PolitiFact Florida, "Rick Scott says budget sets record low for state workers per capita this century," May 22, 2013

Florida Times-Union, "New contracts give private prison giant nearly 80 percent of Florida's private prison market," Dec. 16, 2013

Wall Street Journal, "What Kind of Republican is Bush? His Time as Governor Offers Clues," Dec. 16, 2014

Tallahassee Democrat, "Gov. Rick Scott cuts more state jobs than any governor in recent history," Jan. 17, 2015

Tallahassee Democrat, "Gov. Rick Scott proposes cutting 1,000 state positions," Jan. 28, 2015

Miami Herald, "The ‘cannibalizing’ of Florida’s prison system," Feb. 28, 2015

PolitiFact Florida, "The saga of state spending enforcer Jeb Bush's one-time alias, Veto Corleone," May 26, 2015

PolitiFact Florida, "Jeb Bush says 1.3 million jobs were created in Florida during his tenure -- more than Texas," June 3, 2015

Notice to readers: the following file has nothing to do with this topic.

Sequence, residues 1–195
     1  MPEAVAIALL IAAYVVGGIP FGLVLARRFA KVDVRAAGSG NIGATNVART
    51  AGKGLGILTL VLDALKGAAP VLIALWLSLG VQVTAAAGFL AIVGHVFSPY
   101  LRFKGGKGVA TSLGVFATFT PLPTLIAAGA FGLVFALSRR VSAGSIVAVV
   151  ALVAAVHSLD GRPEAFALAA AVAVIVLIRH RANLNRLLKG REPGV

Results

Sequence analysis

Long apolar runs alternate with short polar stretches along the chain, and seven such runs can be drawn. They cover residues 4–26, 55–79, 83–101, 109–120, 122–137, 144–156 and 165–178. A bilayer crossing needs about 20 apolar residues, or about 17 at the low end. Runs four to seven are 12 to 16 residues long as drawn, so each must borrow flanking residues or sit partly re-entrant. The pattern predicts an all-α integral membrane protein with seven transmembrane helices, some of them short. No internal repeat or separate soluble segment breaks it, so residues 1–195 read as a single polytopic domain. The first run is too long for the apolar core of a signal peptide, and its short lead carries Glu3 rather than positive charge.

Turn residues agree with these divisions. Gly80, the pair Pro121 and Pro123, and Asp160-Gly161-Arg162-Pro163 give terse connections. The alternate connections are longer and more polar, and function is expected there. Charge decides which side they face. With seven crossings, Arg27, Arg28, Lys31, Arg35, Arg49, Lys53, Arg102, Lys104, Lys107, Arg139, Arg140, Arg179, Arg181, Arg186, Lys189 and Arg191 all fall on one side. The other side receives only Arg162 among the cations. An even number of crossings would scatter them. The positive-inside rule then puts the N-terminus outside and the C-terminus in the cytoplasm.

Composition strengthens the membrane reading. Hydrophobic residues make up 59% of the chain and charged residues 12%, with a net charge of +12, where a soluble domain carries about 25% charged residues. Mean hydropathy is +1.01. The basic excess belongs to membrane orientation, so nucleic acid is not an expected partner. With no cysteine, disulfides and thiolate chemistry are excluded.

Florida Department of Management Services, Annual Workforce Reports, accessed June 3, 2015

U.S. Bureau of Labor Statistics, Florida Government Employees 1998-2015, accessed June 4, 2015

Interview with Natalee Singleton, Florida Department of Management Services spokeswoman, June 3, 2015

Interview with Howard Frank, Florida International University public administration professor, June 3, 2015

Interview with Matt Gorman, Right to Rise political action committee spokesman, June 3-4, 2015

Interview with Chris Lafakis, Moody’s Analytics senior economist, June 3-4, 2015

Interview with Hai (David) Guo, Florida International University public administration professor, June 4, 2015

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Jeb Bush says he cut 13,000 state workforce jobs as governor